Summer, 1947. My grandparents’ farm, in a valley at the foot of the Pyrenees. In the afternoon, after the siesta, which is necessary because being out in the midday sun is considered suicidal, my parents take me along on their walk.
First, however, we have to find the sailor hat without which I am not allowed to go outdoors. My mother has a complicated relationship to the sun. On the one hand, she thinks it essential to my proper growth, and after one week in the country I turn as dark as a hazelnut, a process that the entire family encourages and applauds.
On the other hand, going outside without a hat puts me in immediate danger of catching an insolació (sunstroke), believed to cause malaise, fits, and hallucinations. When my mother warns me against insolació, I imagine the hot yellow sun drilling into my skull, gilding my brain and the inside of my face and my throat all the way down to my stomach, making me glow like a lightbulb.
The fact that my Mediterranean DNA has provided me from birth with an inch-thick thatch of hair to protect me from the rays of our favorite star does not assuage my mother’s fears. When she finds the white sailor hat, she plops it on top of my curls and leads me out the back door. A couple of semi-feral barn cats, alerted to the possibility of bread crusts by the squeaky hinges, scatter when they see my empty hands.
My parents’ afternoon walks are of two kinds. The short version takes us along the dirt road from the farm house, past a wheat field, up a gentle slope to the threshing floor and the big hay barn. The long walk leads to the irrigation canal that, first envisioned by the Arabs in the 10th century and completed in the early years of the 20th, transformed the valley from a semi-arid wasteland into a paradise of green fields and almond, olive, and fruit orchards.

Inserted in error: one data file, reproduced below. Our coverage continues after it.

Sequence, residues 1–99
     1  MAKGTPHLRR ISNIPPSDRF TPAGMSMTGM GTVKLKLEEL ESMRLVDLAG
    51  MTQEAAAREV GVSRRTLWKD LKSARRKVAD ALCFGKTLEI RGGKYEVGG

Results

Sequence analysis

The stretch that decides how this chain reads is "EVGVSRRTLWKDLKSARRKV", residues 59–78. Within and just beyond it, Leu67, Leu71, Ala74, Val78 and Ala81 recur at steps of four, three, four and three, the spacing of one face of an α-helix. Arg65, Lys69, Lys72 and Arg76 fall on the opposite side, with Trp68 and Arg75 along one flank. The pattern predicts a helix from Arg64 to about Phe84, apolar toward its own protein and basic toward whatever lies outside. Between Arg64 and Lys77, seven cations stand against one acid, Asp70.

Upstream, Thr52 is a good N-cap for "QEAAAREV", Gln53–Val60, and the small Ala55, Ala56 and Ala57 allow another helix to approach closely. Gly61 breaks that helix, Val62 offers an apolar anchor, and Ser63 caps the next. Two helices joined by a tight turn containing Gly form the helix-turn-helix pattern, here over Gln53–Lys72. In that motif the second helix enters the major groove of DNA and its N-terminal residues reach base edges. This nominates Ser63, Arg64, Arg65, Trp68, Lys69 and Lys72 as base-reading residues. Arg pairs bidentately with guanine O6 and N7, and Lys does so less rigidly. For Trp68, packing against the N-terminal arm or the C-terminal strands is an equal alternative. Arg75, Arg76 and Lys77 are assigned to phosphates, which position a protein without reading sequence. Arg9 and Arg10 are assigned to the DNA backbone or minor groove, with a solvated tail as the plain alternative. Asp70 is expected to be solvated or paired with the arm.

The canal’s broad swath of brown water runs placidly between high banks bordered by shade trees. My parents and I walk on the narrow path alongside, my father holding my left hand and my mother my right to prevent me from succumbing to a fit of toddler insanity and diving in.
We’ve been walking a while, and I’m getting bored. I want to go back to the house. “But we can’t go back now,” my father says. “We’re almost at the weir. Don’t you want to see the waterfall?” Long before we reach it, I can hear the water rushing over the top of the weir wall. I can tell that we are getting closer because my mother tightens her grip on my hand, the way she does in Barcelona when we are about to cross the street. At the fall, my father picks me up so I can see the thrilling sight.
I am both horrified and fascinated by the noise, which is louder even than the thunderstorms that we watch from the covered terrace of the farmhouse. And I am intrigued by the water, which was a dull sepia in the peaceful stretches, but now gradually pales as it plunges until, at the bottom, it forms a roiling, boiling mass of bright white spume.
“That’s enough, Lluís,” my mother says. “Get away from there. You’re making me nervous.” My father retreats, and puts me down, repeating the lesson I have heard a thousand times, “You know that you must never, ever go near the water, especially here at the weir.” And this time my mother adds something new: “The waterfall is so dangerous, that even grown men have fallen in and drowned.”
Grown men drowned in the canal! My mind, ever determined to make sense of the world’s weirdness, seizes on this as the obvious explanation for the white froth churning at the bottom of the fall: it consists of the drowned men’s undershirts.
My parents take my hands and we turn back towards the house, and my afternoon snack (dinner is at 10 p.m.). In the damp, shadowy kitchen, which smells of drains and potato peels, my grandmother drizzles olive oil onto a thick slice of crusty bread.
“Where did you go on your walk?” she asks.
“We went to the canal, all the way to the weir, and I saw the undershirts of the drowned men.”
“The undershirts of…” she echoes, peering at me closely.
She hands me the bread, wipes her hands on her apron, and goes to find my mother. “Did the child wear her hat when you took her out this afternoon? I ask because she may have caught an insolació . She said she had seen the undershirts of drowned men….”
|My parents and I on the canal path|
You had your imagination even as a small child!
I love that story! And the photo is wonderful.
I thought I was being rational….
Can't imagine who took the picture. My father was always the one with the camera.
And rational it seems…
Your parents admonitions about the water remind me of living next to a train track as a child. I was repeatedly told \”don't get too close or the train will suck you up\”. I believed it wholeheartedly.
I'm having a scary vision of a child-sucking train….